Caterpillar Metamorphosizes to Douchebag

Douglas Oberhelman earned $16.9 million in 2011, a figure that includes salary, bonuses, stock and option awards and retirement plan contributions. Oberhelman’s pay increase, which was tied to the company’s performance, included a $4.9 million cash payment, an 81 percent increase from his 2010 cash award. His base salary increased to $1.4 million from $1.1 million in 2010.

Chicago Tribune: Compensation for Cat’s Oberhelman jumps 60%

For the second quarter, Caterpillar reported a profit of $1.67 billion, or $2.54 per share, compared with $1.02 billion, or $1.52 per share, a year earlier.

Chicago Tribune: Caterpillar quarterly profit jumps 67%

Despite earning a record $4.9 billion profit last year and projecting even better results for 2012, the company is insisting on a six-year wage freeze and a pension freeze for most of the 780 production workers at its factory here [Joliet, Illinois]. Caterpillar says it needs to keep its labor costs down to ensure its future competitiveness.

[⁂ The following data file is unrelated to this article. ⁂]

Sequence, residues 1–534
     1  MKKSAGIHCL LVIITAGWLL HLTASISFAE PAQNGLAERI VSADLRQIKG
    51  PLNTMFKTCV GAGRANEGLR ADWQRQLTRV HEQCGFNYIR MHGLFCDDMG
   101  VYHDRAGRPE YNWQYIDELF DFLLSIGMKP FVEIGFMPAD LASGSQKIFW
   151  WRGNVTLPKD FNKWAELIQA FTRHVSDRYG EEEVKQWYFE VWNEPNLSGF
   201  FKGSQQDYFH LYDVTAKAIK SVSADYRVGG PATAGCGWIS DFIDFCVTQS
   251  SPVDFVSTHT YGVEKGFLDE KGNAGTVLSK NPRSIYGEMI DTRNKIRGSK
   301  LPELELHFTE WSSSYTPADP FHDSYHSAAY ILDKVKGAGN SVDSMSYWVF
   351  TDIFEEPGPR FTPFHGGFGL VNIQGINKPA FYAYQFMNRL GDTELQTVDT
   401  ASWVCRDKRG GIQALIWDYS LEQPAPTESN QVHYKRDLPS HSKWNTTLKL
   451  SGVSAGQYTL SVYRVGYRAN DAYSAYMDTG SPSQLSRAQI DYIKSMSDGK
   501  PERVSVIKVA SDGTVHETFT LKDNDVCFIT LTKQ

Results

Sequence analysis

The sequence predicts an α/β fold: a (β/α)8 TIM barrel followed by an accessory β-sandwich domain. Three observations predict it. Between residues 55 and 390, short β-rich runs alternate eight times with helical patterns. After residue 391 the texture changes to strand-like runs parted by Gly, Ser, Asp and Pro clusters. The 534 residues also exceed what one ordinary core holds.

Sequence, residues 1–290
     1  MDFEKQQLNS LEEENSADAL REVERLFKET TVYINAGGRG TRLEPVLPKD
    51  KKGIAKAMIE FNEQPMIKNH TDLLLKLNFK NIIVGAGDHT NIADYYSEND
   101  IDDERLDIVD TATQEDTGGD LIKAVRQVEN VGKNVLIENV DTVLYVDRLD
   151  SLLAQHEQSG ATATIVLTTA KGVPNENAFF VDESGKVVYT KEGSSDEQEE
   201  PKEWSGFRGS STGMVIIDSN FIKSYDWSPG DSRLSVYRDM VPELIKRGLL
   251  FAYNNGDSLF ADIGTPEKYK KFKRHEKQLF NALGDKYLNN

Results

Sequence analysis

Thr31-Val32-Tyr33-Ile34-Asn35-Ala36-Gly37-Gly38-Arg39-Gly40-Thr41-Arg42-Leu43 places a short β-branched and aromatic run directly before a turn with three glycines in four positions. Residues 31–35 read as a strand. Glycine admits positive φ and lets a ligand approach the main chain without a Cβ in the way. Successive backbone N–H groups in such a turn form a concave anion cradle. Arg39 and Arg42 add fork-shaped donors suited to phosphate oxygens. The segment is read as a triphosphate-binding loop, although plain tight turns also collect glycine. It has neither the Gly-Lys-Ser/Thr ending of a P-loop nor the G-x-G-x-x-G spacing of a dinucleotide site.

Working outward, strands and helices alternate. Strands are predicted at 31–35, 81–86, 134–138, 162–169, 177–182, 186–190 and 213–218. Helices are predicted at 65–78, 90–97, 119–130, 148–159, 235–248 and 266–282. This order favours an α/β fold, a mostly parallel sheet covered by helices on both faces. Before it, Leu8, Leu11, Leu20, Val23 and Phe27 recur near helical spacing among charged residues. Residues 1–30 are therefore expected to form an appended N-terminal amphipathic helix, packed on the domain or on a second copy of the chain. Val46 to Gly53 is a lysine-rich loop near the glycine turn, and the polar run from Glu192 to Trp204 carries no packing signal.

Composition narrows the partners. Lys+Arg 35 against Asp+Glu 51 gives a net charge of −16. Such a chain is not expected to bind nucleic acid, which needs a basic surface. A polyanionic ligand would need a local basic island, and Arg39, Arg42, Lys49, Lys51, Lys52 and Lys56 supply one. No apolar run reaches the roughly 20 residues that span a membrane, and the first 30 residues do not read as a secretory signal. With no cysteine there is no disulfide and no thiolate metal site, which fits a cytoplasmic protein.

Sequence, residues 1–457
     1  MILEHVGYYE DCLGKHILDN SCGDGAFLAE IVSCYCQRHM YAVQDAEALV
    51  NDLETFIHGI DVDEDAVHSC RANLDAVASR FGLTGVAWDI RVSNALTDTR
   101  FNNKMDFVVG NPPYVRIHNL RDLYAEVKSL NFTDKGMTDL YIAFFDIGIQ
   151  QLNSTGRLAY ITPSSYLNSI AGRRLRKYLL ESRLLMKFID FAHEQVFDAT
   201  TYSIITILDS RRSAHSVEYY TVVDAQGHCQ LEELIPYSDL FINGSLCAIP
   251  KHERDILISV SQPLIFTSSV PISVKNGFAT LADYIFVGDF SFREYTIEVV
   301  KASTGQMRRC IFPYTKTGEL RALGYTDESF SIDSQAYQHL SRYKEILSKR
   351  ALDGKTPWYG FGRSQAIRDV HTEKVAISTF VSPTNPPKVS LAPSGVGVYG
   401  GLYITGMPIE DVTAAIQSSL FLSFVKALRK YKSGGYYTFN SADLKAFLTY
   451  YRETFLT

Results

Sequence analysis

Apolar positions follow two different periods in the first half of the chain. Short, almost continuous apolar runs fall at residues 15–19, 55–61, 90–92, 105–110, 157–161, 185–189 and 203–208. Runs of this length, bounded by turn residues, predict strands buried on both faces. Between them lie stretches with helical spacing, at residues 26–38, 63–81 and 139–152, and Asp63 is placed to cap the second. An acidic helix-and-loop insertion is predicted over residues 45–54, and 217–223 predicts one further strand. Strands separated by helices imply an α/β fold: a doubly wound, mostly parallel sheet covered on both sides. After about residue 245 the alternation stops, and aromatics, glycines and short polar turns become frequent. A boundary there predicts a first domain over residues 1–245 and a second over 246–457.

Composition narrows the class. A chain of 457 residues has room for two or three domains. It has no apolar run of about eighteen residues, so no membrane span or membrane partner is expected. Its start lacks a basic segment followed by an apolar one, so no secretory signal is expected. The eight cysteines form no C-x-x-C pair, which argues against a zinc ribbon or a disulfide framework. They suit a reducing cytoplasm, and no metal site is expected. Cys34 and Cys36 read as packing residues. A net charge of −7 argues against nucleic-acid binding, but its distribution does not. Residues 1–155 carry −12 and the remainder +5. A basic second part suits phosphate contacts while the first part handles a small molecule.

NY Times: Profitable Caterpillar Pushes Workers for Concessions

I guess the people who actually make the products weren’t really part of the company’s success.


Workers who had been striking at a Caterpillar hydraulic parts factory in Joliet, Ill., voted on Friday to ratify a proposed six-year contract that contained almost all of the concessions the company had demanded.

NY Times: Caterpillar Workers Ratify Deal They Dislike

Rotten Heart

The most memorable incidents in earth-changing events are sometimes the most banal. In the rapidly spreading scandal of LIBOR (the London inter-bank offered rate) it is the very everydayness with which bank traders set about manipulating the most important figure in finance.

The Economist: The rotten heart of finance

It’s getting harder and harder to believe that the system isn’t thoroughly rigged by the bankers. Heads or tails, they win and everyone else pays for it.

Not Clean Clean

Barclays was also accused of “aiding attempts by other banks to manipulate” interest rates, further underscoring the clubby nature of Wall Street. In some cases, bank employees coordinated with former colleagues who worked at rival firms as a way to manipulate the rates, according to the regulatory documents.

Ben Protess & Mark Scott: Barclays CEO Resigns as Bank Frames a Defense

Seriously, it’s RICO time.